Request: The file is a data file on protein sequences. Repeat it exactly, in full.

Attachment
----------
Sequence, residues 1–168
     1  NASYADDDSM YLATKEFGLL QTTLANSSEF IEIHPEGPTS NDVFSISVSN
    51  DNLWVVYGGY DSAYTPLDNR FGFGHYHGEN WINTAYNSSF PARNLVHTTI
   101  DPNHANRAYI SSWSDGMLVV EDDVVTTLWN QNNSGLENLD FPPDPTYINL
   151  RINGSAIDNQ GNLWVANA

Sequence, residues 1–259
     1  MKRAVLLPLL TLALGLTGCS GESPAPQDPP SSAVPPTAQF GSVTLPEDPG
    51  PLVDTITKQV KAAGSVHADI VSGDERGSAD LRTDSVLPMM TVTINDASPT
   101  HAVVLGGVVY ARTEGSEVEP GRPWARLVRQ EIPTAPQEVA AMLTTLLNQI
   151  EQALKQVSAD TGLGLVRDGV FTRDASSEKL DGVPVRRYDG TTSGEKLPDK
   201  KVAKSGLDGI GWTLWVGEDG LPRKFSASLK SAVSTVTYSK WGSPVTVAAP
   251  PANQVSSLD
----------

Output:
Sequence, residues 1–168
     1  NASYADDDSM YLATKEFGLL QTTLANSSEF IEIHPEGPTS NDVFSISVSN
    51  DNLWVVYGGY DSAYTPLDNR FGFGHYHGEN WINTAYNSSF PARNLVHTTI
   101  DPNHANRAYI SSWSDGMLVV EDDVVTTLWN QNNSGLENLD FPPDPTYINL
   151  RINGSAIDNQ GNLWVANA

Sequence, residues 1–259
     1  MKRAVLLPLL TLALGLTGCS GESPAPQDPP SSAVPPTAQF GSVTLPEDPG
    51  PLVDTITKQV KAAGSVHADI VSGDERGSAD LRTDSVLPMM TVTINDASPT
   101  HAVVLGGVVY ARTEGSEVEP GRPWARLVRQ EIPTAPQEVA AMLTTLLNQI
   151  EQALKQVSAD TGLGLVRDGV FTRDASSEKL DGVPVRRYDG TTSGEKLPDK
   201  KVAKSGLDGI GWTLWVGEDG LPRKFSASLK SAVSTVTYSK WGSPVTVAAP
   251  PANQVSSLD